Population transfer in the Soviet Union

Population transfer in the Soviet Union refers to forced transfer of various groups from the 1930s up to the 1950s ordered by Joseph Stalin and may be classified into the following broad categories: deportations of "anti-Soviet" categories of population, deportations of entire nationalities, labor force transfer, and organized migrations in opposite directions to fill the ethnically cleansed territories.

Soviet Border Troops military border guard service of the Soviet Union

Soviet Border Troops were the militarized border guard of the Soviet Union, subordinated to its subsequently reorganized state security agency: first to Cheka/OGPU, then to NKVD/MGB and, finally, to KGB. Accordingly, they were known as NKVD Border Troops and KGB Border Troops. Unlike border guards of many other countries, Soviet Border Troops also included the maritime border guarding units.

In March 1946 all People's Commissariats were renamed to Ministries, and the NKVD became the Ministry of Internal Affairs (MVD). [8]

Ministry of Internal Affairs (Soviet Union)

The Ministry of Internal Affairs (MVD) - Russian: Министерство внутренних дел СССР (МВД) - was a government ministry in the Soviet Union. The MVD, a successor agency to the NKVD, was established in March 1946. Unlike the NKVD, except for a period of about 12 months, from mid-March 1953 until mid-March 1954, the MVD did not include units (agencies) concerned with secret (political) activity, that function being assigned to the Ministry of State Security (MGB), and to the Committee for State Security (KGB).

History and structure

Chronology of Soviet
secret police agencies
Emblema KGB.svg
1917–1922 Cheka under SNK of the RSFSR
(All-Russian Extraordinary Commision)
1922–1923 GPU under NKVD of the RSFSR
(State Political Directorate)
1923–1934 OGPU under SNK of the USSR
(Joint State Political Directorate)
1934–1941 NKVD of the USSR
(People's Commissariat for Internal Affairs)
1941 MGB of the USSR
(Ministry of State Security)
1941–1943 GUGB of the NKVD of the USSR
(Main Directorate of State Security of People's Commissariat for Internal Affairs)
1943–1946 NKGB of the USSR
(People's Commissariat for State Security)
1946–1953 MGB of the USSR
(Ministry of State Securtiy)
1953–1954 MVD of the USSR
(Ministry of Internal Affairs)
1954–1978 KGB under SM of the USSR
(Committee for State Security)
1978–1991 KGB of the USSR
(Committee for State Security)
1991MSB of the USSR
(Interrepublican Security Service)
1991TsSB of the USSR
(Central Intelligence Service)
1991Committee of protection of the USSR state border
Early NKVD leaders Genrikh Yagoda, Vyacheslav Menzhinsky and Felix Dzerzhinsky, 1924 1924 yagoda menshinsky dsershinsky.jpg
Early NKVD leaders Genrikh Yagoda, Vyacheslav Menzhinsky and Felix Dzerzhinsky, 1924

After the Russian February Revolution of 1917, the Provisional Government dissolved the Tsarist police and set up the People's Militsiya . The subsequent Russian October Revolution of 1917 saw a seizure of state power led by Lenin and the Bolsheviks, who established a new Bolshevik regime, the Russian Soviet Federative Socialist Republic (RSFSR). The Provisional Government's Ministry of Internal Affairs (MVD), formerly under Georgy Lvov (from March 1917) and then under Nikolai Avksentiev (from 6 August [ O.S. 24 July] 1917) and Alexei Nikitin (from 8 October [ O.S. 25 September] 1917), turned into NKVD (People's Commissariat of Internal Affairs) under a People's Commissar. However, the NKVD apparatus was overwhelmed by duties inherited from MVD, such as the supervision of the local governments and firefighting, and the Workers' and Peasants' Militsiya staffed by proletarians was largely inexperienced and unqualified. Realizing that it was left with no capable security force, the Council of People's Commissars of the RSFSR established (20 December [ O.S. 7 December] 1917) a secret political police, the Cheka , led by Felix Dzerzhinsky. It gained the right to undertake quick non-judicial trials and executions, if that was deemed necessary in order to "protect the Russian Socialist-Communist revolution".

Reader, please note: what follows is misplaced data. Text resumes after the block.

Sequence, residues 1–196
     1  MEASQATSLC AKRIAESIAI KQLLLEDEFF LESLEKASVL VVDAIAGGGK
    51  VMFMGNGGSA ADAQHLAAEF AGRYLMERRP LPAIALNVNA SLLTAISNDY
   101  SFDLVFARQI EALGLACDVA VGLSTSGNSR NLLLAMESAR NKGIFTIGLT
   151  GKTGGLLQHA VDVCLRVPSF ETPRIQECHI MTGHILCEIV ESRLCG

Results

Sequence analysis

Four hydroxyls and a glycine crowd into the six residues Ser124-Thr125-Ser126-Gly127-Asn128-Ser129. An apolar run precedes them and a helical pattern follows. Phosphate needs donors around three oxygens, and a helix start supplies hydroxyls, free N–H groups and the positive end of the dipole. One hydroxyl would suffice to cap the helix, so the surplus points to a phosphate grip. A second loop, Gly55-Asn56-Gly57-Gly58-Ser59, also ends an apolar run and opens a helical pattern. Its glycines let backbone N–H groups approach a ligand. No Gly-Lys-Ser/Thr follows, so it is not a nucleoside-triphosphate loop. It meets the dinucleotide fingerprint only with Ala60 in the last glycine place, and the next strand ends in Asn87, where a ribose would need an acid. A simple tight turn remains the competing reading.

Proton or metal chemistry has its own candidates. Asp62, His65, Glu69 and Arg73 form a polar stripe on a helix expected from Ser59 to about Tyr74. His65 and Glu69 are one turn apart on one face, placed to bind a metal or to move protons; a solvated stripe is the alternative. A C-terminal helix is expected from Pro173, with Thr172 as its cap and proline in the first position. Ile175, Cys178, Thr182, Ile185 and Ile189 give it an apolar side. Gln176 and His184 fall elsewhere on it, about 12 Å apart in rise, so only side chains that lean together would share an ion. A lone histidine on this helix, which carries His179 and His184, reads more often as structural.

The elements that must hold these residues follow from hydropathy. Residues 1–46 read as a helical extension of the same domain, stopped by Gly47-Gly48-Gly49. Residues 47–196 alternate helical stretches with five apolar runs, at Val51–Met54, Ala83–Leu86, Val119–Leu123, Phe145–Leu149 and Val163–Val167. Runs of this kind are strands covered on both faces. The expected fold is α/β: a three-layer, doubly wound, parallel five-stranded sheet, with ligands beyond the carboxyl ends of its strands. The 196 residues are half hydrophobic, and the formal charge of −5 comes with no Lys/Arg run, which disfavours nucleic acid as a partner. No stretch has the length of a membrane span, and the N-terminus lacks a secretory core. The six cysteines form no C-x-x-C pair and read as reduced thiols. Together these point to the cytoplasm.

February Revolution first of two revolutions in Russia in 1917

The February Revolution, known in Soviet historiography as the February Bourgeois Democratic Revolution, was the first of two revolutions which took place in Russia in 1917.

Tsar title given to a male monarch in Russia, Bulgaria and Serbia

Tsar, also spelled czar, or tzar, is a title used to designate East and South Slavic monarchs or supreme rulers of Eastern Europe, originally Bulgarian monarchs from 10th century onwards. As a system of government in the Tsardom of Russia and the Russian Empire, it is known as Tsarist autocracy, or Tsarism. The term is derived from the Latin word Caesar, which was intended to mean "Emperor" in the European medieval sense of the term—a ruler with the same rank as a Roman emperor, holding it by the approval of another emperor or a supreme ecclesiastical official —but was usually considered by western Europeans to be equivalent to king, or to be somewhat in between a royal and imperial rank.

Militsiya police force in USSR and some other countries